How to Get Rid of Palmetto Bugs

How to Get Rid of Palmetto Bugs

The Spruce / Mira Norian

Though they have a distinctive name, palmetto bugs are actually a type of cockroach, and they are known to infest a wide variety of spaces and places throughout the U.S., Southern Canada, and parts of Mexico.

Cockroach issues need to be treated with thought and precision, as they can be difficult to get a handle on. Severe cockroach infestations can lead to a strong, sickeningly musty smell that can linger long after the problem has been addressed. Also worth mentioning: Palmetto bugs and other cockroaches are known to spread illness.

What Does Palmetto Mean?

A palmetto is actually a type of tree that is commonly found along warm, coastal areas in states such as California, Florida, South Carolina, and Georgia. Palmetto bugs earned their nickname because they like to hide among these trees, especially when the trees are near a still body of water such as a lake or pond.

What Do Palmetto Bugs Look Like?

Palmetto bugs are the largest house-infesting cockroach, measuring 27 to 40mm long. They are shiny, with reddish brown coloring and light tan spots on their head. Palmetto bugs have wings but tend to do more gliding, as they are not strong fliers. You can tell the males from the females because their wings are larger and longer.

Also known as American cockroaches, palmetto bugs are commonly confused with other pests, especially the Smokybrown cockroach and Oriental cockroaches, also known as water bugs.

Mistaking these pests is understandable. They are all part of the family Blattidae and appear similar, though there are certain differences in coloring, size, behavior, and general appearance.

A shiny reddish brown American cockroach stands still on a piece of wood so you can see its spiky legs.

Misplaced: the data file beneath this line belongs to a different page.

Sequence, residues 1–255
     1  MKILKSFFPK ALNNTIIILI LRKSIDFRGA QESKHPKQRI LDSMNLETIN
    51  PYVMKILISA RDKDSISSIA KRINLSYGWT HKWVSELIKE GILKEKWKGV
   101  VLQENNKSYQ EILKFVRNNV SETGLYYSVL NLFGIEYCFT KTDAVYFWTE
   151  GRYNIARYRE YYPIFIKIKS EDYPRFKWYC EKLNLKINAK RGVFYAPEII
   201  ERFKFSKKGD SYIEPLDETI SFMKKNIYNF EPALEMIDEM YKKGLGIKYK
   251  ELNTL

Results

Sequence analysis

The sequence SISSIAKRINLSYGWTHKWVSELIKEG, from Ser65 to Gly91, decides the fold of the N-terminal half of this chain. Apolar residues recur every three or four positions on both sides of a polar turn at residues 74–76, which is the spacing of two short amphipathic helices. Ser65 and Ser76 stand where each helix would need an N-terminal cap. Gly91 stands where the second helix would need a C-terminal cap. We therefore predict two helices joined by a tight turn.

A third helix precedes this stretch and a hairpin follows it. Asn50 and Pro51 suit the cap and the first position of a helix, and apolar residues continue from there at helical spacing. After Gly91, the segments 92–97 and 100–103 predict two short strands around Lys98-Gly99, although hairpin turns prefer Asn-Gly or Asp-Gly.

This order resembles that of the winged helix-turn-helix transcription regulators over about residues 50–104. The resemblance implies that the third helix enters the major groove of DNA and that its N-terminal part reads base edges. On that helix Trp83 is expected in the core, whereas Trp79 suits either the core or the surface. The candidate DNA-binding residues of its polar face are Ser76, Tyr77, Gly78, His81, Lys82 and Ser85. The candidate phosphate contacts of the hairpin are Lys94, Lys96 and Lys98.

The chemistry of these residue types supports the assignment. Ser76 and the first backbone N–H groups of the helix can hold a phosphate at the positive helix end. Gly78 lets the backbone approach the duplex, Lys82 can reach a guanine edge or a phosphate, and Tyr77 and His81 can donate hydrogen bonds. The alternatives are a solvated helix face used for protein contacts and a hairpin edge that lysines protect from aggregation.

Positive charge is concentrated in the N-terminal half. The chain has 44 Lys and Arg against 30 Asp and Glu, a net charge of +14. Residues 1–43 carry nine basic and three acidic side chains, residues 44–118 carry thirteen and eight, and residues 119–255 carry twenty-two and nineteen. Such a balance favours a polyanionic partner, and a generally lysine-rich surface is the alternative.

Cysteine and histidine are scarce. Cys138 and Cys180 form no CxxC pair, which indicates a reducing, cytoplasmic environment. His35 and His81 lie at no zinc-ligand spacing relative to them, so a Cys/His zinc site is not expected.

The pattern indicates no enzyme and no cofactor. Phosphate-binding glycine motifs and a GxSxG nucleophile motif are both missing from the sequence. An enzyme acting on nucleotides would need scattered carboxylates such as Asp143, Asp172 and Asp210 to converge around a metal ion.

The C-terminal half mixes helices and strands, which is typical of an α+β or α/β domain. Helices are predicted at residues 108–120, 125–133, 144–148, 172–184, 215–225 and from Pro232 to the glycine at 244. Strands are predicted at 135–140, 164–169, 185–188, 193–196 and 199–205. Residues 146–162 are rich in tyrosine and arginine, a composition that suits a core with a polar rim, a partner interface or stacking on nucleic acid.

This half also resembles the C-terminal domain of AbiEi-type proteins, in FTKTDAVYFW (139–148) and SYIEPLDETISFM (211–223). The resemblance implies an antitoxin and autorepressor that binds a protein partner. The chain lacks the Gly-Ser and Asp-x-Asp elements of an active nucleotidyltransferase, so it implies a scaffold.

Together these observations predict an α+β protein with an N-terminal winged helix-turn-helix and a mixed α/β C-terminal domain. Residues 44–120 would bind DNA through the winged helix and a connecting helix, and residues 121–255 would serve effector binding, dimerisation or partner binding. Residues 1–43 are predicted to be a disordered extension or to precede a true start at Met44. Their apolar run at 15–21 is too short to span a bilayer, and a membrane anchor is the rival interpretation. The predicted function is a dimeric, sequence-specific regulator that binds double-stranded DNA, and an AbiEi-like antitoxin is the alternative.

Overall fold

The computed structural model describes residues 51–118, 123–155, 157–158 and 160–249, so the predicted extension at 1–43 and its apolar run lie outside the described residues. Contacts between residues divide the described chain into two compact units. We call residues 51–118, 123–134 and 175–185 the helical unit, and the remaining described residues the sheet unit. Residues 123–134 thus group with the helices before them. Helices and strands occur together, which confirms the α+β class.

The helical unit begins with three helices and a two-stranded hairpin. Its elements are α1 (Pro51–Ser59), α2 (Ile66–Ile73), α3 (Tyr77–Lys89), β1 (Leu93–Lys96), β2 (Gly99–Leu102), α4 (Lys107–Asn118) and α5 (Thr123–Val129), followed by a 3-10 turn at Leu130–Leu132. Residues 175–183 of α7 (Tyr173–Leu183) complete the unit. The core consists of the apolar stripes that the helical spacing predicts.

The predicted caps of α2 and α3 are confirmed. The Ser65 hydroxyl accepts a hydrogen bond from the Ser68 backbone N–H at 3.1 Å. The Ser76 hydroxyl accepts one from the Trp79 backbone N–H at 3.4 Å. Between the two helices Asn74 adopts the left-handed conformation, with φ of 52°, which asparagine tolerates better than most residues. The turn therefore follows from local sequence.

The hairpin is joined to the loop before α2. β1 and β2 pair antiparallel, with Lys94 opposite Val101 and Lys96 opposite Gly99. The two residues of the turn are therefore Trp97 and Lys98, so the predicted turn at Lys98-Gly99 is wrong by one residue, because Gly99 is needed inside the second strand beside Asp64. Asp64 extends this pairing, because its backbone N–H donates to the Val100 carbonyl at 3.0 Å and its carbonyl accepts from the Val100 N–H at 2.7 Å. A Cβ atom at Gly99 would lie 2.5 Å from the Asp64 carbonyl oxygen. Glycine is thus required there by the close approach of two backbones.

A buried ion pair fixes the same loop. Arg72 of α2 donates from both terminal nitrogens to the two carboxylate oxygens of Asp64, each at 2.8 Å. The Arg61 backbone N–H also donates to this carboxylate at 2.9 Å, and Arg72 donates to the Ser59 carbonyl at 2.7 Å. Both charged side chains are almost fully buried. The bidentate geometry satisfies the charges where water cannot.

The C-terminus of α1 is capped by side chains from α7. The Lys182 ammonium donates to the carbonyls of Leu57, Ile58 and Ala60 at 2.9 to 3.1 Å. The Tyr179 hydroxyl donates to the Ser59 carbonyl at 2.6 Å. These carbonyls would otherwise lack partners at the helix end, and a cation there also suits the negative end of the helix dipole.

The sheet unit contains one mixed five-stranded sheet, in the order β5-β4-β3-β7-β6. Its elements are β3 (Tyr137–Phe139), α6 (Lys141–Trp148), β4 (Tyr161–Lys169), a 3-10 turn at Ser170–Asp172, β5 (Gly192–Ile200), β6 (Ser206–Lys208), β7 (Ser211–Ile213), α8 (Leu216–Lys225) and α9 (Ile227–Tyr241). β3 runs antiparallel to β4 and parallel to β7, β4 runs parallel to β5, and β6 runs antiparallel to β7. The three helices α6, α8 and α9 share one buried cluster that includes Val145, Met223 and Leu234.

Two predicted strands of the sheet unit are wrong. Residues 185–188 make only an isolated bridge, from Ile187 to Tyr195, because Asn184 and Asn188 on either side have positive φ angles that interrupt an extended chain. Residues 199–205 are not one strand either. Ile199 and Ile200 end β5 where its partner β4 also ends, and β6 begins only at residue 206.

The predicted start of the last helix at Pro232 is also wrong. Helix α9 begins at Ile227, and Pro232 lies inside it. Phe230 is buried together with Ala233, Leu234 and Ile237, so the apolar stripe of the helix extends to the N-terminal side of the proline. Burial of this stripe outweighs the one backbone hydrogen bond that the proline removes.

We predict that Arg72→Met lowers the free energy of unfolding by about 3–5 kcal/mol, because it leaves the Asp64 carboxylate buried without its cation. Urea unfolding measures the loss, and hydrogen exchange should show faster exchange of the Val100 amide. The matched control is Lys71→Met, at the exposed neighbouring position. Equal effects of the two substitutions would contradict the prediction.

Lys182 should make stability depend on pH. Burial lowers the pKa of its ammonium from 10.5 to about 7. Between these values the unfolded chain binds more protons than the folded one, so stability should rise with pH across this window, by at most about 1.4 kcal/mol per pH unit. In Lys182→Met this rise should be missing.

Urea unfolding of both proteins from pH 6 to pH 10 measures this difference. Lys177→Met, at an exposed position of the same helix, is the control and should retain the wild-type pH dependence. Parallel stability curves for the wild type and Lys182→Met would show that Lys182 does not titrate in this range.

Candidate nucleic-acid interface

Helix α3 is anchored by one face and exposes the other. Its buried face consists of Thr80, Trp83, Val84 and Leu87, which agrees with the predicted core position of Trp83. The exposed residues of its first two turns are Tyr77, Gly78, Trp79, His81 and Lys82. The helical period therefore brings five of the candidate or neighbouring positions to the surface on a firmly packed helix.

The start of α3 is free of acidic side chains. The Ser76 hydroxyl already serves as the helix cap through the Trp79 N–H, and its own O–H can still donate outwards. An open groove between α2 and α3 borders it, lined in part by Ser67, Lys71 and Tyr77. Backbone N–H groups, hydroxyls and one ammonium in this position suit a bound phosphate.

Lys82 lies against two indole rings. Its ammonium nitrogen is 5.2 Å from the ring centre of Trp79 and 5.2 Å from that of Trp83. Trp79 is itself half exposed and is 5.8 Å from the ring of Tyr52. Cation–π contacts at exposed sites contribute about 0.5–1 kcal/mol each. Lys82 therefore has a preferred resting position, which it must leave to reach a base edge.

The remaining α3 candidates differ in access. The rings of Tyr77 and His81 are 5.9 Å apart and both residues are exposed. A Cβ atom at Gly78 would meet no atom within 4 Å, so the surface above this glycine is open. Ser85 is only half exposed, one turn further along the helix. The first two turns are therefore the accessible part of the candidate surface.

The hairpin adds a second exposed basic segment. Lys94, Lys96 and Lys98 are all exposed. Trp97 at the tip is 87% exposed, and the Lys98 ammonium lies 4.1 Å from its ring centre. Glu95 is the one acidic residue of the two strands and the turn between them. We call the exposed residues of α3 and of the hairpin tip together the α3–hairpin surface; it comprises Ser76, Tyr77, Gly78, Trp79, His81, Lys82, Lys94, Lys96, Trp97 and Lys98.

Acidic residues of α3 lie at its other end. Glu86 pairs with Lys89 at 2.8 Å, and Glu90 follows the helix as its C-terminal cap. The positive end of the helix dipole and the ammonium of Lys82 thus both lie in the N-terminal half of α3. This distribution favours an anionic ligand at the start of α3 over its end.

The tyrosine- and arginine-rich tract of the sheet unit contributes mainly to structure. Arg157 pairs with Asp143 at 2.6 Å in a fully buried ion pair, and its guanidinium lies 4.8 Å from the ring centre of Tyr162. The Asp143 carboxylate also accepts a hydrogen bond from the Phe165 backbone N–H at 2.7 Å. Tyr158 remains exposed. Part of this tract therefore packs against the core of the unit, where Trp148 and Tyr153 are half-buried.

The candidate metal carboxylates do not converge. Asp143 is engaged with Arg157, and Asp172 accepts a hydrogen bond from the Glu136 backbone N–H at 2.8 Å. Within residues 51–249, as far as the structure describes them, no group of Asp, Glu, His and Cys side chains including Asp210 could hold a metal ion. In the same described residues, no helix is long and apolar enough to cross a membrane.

An American cockroach, also known as a palmetto bug

Paul Starosta

An adhesive insect trap shows a dark, smooth smokybrown cockroach stuck in its glue.
A smokybrown cockroach (right) stuck in an adhesive trap.

Yusuke Ide/iStock/GettyImages

Two small, wingless, black and brown oriental cockroaches
Oriental Cockroaches, also known as water bugs

Goldfinch4ever/iStock/GettyImages

5 Ways to Get Rid of Palmetto Bugs

While palmetto bugs are most common in commercial settings such as shipyards, warehouses, bakeries, restaurants, and supermarkets, they frequently enter homes and apartments as well. How do you get rid of them, and more importantly, how do you keep them away?

Sanitation and Cleanliness

Cockroaches are attracted to mess of any kind. Open garbage receptacles, food spills, and pantry messes should all be cleaned up quickly to avoid providing a food source to palmetto bugs and other pests.

It is not uncommon for alleyways and yard spaces to become seriously infested during the summer months. Before you bring items inside, inspect them to make sure you don't have any palmetto bug stowaways.

Fix Leaks

Palmetto bugs are cockroaches, and cockroaches are attracted to damp, moist environments. They commonly live in wet places such as sewer systems and will use plumping and sewage pipes to access homes.

While they may be present anyway, you can deter palmetto bugs from taking an interest in your space by making sure any leaks or damaged pipes are repaired promptly.

Seal Palmetto Bugs Out

If you are concerned that palmetto bugs could venture in from outside, seal up any cracks where they could come in from outside. This could mean putting proper sweeps on doors, caulking cracks along windowsills, or sealing up any splits between your bathroom tiles.

Trap Them

Trapping can be a great way to determine if you have a cockroach issue at all. There are a variety of cockroach traps available at the hardware store, and even just an adhesive trap with no bait inside can be effective, especially in monitoring the severity of a cockroach problem.

Tip

Cockroaches are nocturnal, so it can be hard to get eyes on them during the day. Consider setting a trap for palmetto bugs before going to bed. Pick a spot where you suspect they could be present and place a piece of bread in a container. Pour beer over the top of the bread. Palmetto bugs love fermenting liquid, so this will draw them in and help you determine if palmetto bugs are present in your home.

Chemical Control

In certain severe cockroach situations, chemical control can be necessary but should always be used as a last resort and in conjunction with other methods.